The biggest news in crypto this week is the sudden death of QuadrigaCX's 30 year old founder from Crohn's disease, leaving 115k clients unable to retrieve $190m in funds as the founder was the only one who controlled the private keys to the exchange's "cold storage."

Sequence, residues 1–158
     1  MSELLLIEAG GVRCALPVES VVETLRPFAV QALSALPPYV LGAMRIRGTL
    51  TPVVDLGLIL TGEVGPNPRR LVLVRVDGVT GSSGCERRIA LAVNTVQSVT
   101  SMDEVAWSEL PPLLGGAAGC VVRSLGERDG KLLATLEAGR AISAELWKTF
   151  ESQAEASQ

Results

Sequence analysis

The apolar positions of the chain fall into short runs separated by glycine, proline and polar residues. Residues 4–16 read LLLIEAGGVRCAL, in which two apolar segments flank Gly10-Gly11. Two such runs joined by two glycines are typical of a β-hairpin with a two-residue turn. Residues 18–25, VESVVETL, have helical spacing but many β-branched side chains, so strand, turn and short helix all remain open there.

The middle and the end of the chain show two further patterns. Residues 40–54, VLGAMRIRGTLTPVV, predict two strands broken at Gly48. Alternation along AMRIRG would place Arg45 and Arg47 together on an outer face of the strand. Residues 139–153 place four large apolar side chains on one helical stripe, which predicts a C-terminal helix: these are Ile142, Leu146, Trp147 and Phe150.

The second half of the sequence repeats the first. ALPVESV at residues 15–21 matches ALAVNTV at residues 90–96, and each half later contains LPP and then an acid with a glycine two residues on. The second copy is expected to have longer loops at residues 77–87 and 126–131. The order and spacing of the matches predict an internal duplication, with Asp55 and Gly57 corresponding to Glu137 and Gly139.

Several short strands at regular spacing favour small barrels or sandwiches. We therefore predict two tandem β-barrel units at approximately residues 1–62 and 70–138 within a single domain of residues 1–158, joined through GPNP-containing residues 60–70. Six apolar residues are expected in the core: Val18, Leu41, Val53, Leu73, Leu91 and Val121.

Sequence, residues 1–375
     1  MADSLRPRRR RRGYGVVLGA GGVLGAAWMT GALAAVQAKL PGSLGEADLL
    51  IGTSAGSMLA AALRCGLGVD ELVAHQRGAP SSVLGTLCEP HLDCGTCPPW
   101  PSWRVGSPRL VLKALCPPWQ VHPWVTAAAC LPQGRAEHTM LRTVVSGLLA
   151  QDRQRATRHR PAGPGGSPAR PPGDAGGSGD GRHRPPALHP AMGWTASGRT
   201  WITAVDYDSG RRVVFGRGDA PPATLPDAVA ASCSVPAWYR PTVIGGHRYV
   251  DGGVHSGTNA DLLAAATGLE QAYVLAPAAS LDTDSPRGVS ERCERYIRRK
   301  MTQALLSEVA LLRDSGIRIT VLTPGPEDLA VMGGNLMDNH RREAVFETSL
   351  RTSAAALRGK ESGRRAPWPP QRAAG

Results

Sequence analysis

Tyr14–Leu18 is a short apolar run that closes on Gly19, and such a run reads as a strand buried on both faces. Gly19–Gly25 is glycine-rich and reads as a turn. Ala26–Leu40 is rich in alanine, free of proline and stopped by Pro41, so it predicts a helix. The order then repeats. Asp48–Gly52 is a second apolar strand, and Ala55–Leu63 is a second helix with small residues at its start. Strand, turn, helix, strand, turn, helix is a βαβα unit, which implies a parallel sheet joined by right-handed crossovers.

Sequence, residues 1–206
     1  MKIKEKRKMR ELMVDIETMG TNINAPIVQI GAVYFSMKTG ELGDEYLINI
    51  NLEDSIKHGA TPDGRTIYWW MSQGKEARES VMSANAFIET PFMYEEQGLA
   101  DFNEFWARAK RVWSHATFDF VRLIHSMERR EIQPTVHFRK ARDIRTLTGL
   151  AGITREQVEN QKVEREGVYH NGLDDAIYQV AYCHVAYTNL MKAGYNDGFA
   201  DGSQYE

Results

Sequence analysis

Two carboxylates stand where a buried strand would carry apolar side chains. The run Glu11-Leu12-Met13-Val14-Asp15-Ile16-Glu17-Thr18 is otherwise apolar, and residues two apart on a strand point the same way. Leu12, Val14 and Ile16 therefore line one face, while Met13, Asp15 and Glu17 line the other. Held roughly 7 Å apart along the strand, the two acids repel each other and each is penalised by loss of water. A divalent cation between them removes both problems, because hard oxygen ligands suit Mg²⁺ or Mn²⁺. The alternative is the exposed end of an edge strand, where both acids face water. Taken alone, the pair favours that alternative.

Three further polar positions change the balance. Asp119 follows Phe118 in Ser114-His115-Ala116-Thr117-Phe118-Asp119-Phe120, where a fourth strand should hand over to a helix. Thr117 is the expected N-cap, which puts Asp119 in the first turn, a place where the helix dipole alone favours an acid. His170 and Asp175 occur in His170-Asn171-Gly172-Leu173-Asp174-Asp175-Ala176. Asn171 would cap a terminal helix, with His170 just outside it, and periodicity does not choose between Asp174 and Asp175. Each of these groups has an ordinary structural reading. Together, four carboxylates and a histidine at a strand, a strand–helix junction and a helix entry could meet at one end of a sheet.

QuadrigaCX had been plagued with legal trouble in the past year: In early 2018, the Canadian Imperial Bank of Commerce froze more than $25 million of QuadrigaCX's assets after noticing "irregularities" in the exchange's payment processes. The Ontario Superior Court of Justice took control of the funds, Coindesk reported, and they were just returned to the company days before Cotten's death. Now, the company is looking into selling its operating platform to stay afloat. Robertson has asked the court for a stay of proceedings to protect the company from lawsuits and buy time while QuadrigaCX tries to access the cryptocurrency tied up in its cold wallets. She also asked the court to appoint international accounting firm Ernst & Young to oversee its dealings while QuadrigaCX tries to recover the lost holdings.